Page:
Almost everyone is aware of the many candidates running for President as Democrats.One in particular, Howard Dean, has created an exciting new phenomenon in grassroots politics. Utilizing the Internet, the Dean campaign has signed up nearly a half-million Americans. An Internet organizing site called "Meetup" has also helped and there are now 130,000 people meeting once a month (first Wednesday) to spread the word and plan ways to help the campaign.I believe that Howard Deanspeaks plainly and clearly on the issues that are important to America.These include health care, environmental protection, education, the economy, foreign policy, civil rights and personal freedom, and many others. Because of the degradation that has occurred to all these issuesover the past three years, the Presidential Election of 2004 will be especially important to all Americans.As part of the continuing effort to inform the American public, the Dean Campaign will be holding house parties throughout the country on November 15th.The parties are called the "Dean Birthday Bash" as the retired Governor of Vermont turns 55 on November 17. The parties will be tied together on a very large conference call.Locally, there are Dean house parties being planned in most of the surrounding towns. Carlisle is having a party hosted by John and Ann Ballantine at 268 Fiske Street.Please join us and catch the excitement of a truly grassroots campaign to Take Back our Country. Refreshments, snacks, information and Dean videos will be available.The time of the conference call is still undecided, but expected to be around 8 p.m.The party will start at 7 p.m.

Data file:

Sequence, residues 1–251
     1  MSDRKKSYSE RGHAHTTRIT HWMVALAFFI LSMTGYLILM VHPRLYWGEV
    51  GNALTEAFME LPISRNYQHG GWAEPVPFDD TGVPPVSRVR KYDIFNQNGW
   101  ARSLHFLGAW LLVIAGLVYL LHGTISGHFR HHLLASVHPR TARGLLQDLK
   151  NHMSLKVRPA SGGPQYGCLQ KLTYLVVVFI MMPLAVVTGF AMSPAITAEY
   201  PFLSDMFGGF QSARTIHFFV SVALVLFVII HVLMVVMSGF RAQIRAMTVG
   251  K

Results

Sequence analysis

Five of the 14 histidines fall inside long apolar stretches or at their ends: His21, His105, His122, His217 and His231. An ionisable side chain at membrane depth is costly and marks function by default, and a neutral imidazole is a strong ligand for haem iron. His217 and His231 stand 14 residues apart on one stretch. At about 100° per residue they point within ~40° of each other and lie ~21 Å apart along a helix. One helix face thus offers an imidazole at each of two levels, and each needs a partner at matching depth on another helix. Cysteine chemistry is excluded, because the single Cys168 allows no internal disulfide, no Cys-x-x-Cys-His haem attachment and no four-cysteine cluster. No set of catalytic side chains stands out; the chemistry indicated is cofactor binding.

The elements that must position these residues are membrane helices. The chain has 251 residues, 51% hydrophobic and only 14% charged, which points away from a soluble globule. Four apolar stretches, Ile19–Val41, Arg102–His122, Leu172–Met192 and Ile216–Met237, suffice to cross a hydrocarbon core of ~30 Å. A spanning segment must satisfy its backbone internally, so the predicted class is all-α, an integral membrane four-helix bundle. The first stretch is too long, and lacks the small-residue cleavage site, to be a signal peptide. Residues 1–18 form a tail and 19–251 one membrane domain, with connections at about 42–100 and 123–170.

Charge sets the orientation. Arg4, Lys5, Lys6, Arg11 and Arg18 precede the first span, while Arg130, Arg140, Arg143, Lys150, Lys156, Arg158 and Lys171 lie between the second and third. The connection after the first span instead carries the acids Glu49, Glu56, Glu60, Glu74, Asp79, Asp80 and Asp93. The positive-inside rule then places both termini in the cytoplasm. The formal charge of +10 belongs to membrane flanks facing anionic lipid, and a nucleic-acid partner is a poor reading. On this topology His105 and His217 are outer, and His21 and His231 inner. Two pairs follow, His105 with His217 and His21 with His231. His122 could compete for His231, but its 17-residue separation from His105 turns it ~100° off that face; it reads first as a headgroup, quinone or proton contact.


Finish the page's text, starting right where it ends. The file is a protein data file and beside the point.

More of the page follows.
Dean campaign town coordinator
Rising Iraq war costs decreases money available for education
To the Editor: